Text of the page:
It’s time for a hard truth.
People aren’t reading your emails.
People are bombarded with emails to the point that having tens of thousands of unread emails in your inbox isn’t even that uncommon anymore. No company’s emails are that exciting that you can assume the majority of people are engaging with them, and learning how to engage in effective email marketing means, first and foremost, accepting this basic reality.
Go ahead. Breathe. Take it in. Go zen for a second if you have to.
Now. Let’s get to work.
So you’ve accepted that mostly your emails are just kinda junk mail clogging up people’s inboxes, too valuable too just delete and too unimportant to ever actually read. Email marketing is a numbers game, ultimately, and what that means is that you need to do two things:
- Maximize the number of people who open your email
- Make sure that those people get the information or take the action you want them to
There are lots of ways to improve your email open rates, but the easiest to learn (and hardest to master) is the most basic: subject lines.
Your subject line is the first thing your prospect sees, and it’s the main thing they use to determine whether or not they open the email at all. Assuming they’re even seeing the email (which is its own art), the right subject line is the difference between swiping it off the screen and the beginning of a long, fruitful marketing relationship.
So what makes a good subject line? Lots of things. But the overall theme is personalization, clarity, and orientation towards their pain points.
In other words, people are much more likely to open an email that’s addressed to them personally and clearly offers a solution to a real life problem. By adding a personalization token, you immediately catch their eye. By addressing their problem, you give them a reason to open.
And if you take the extra step and make the email feel urgent or time sensitive, your open rates will improve even more.
In other words, you need to make opening your emails feel like something they should do, and that they want to do – not by overpromising or shouting at them in all caps, but by directly addressing the problem you’re trying to solve.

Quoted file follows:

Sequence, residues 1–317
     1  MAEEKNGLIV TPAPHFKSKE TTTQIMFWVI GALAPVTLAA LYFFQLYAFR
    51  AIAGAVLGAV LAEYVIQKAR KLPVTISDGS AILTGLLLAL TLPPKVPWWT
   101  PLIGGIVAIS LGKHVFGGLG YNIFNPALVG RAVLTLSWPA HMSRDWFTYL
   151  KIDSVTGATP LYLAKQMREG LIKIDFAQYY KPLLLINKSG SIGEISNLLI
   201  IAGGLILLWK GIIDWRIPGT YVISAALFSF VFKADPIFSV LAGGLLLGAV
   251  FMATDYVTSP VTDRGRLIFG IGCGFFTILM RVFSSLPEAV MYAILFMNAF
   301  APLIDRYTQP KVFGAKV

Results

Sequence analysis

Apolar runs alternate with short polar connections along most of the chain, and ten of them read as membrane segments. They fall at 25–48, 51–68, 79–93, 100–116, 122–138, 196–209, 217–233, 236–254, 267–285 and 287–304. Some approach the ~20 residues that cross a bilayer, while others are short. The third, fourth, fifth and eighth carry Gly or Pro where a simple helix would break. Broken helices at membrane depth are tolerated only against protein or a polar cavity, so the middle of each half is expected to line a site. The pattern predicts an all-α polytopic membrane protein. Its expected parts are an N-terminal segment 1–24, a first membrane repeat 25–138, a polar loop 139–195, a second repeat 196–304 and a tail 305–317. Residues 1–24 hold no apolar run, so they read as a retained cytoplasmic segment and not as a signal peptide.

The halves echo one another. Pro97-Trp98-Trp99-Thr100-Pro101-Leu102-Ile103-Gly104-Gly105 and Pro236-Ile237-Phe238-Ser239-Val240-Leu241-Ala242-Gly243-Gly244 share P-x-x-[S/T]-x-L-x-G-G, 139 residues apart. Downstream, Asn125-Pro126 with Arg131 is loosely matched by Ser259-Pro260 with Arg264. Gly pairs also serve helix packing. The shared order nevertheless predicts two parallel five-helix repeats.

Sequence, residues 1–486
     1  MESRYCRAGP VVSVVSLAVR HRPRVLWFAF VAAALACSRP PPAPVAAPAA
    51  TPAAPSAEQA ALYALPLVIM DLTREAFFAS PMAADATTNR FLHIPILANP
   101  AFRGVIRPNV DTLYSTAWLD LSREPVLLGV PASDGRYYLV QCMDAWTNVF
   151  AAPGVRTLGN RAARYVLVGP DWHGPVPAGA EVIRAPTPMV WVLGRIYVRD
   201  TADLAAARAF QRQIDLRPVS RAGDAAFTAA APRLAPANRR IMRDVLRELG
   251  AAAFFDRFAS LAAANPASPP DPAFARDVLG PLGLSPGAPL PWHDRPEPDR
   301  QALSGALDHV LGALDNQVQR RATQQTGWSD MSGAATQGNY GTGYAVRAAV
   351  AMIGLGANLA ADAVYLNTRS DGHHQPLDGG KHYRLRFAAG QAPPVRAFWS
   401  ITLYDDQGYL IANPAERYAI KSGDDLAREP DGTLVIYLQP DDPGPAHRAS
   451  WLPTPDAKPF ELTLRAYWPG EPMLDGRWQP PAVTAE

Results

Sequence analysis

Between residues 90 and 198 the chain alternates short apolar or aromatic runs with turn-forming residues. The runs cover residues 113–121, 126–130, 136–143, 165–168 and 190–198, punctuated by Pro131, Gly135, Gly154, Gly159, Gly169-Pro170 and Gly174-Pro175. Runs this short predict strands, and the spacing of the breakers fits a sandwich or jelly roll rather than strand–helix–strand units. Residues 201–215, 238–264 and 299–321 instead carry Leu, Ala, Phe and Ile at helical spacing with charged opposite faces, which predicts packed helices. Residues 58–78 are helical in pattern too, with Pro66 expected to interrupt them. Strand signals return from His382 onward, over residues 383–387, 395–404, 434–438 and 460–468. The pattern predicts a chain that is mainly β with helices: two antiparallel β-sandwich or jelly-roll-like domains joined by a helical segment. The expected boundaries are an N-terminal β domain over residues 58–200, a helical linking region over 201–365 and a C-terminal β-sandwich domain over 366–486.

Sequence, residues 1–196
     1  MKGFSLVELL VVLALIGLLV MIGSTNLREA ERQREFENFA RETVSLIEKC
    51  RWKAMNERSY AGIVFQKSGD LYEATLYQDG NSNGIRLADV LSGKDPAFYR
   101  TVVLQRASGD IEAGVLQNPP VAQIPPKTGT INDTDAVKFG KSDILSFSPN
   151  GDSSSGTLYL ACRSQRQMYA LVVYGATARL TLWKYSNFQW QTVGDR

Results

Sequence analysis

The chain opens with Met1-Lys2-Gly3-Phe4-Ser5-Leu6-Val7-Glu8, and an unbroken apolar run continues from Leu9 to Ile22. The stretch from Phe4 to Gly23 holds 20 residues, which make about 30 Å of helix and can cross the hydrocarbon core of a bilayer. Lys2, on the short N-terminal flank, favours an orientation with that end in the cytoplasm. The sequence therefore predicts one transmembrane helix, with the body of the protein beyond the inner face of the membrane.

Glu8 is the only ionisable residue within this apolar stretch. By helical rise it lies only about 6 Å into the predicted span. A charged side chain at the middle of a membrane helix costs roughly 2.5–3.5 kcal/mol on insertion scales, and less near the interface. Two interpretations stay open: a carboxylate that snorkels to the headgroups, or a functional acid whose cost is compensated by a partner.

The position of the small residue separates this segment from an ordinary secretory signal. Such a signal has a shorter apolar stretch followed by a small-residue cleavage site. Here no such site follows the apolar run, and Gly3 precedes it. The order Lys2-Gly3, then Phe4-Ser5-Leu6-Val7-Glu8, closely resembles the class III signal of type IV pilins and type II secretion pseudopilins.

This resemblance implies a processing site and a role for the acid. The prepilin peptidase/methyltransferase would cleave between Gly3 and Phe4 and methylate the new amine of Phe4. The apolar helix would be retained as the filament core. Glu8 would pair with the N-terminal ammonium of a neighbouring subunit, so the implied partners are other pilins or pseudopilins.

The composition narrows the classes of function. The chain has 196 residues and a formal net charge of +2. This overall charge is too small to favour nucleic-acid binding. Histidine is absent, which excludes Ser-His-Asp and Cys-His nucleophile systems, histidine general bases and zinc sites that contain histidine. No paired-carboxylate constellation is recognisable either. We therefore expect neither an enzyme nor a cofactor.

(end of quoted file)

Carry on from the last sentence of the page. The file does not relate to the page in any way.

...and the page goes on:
And the problem you’re trying to solve isn’t “I need more sales.” It’s your client’s problem you’re trying to solve, and that’s what gives you permission to market to them.
Speak to the client, and not to the sale, and you should be fine.
At best, most people are just skimming your emails. So as much as you want to deliver high-quality content marketing, you sort of can’t when it comes to email. On the internet, people scan more than they read, especially when they aren’t convinced something has any value. So you want to write for that reader.
You need to write in an inverted triangle we call the “greased chute.” Put the most valuable content at the top, and the least valuable content on the bottom. That means the first thing they see should connect with them.
After that, you make it easy to get down the chute. Bold the important stuff. Include bulleted lists, just like in the landing pages. Communicate what matters in such a way that the people just scanning the email can easily pick out the main points – and make a decision to engage – without having to invest a lot of time.
It can be hard to write like this, but it’s easy for people to read. And getting them to read is basically a matter of making it as little work as humanly possible; after all, so many people are trying to get their attention all the friggin’ time.
The key thing to remember as you send out marketing emails is that you can’t ever assume your audience has read anything you’ve sent them. You’re better off assuming every email is their first. And always make sure that every email you send matters to the lead. If there’s no benefit to the lead, they won’t read it and won’t take action, and that doesn’t get you anywhere.
Email marketing isn’t especially complicated, and we don’t need to make it complicated. It’s essentially a matter of talking to your prospects like human beings and keeping aware of (and responsive to) demands on their attention. Keep focused, keep clear, and keep your eye on meeting their needs – and you should start to see your open rates tick up.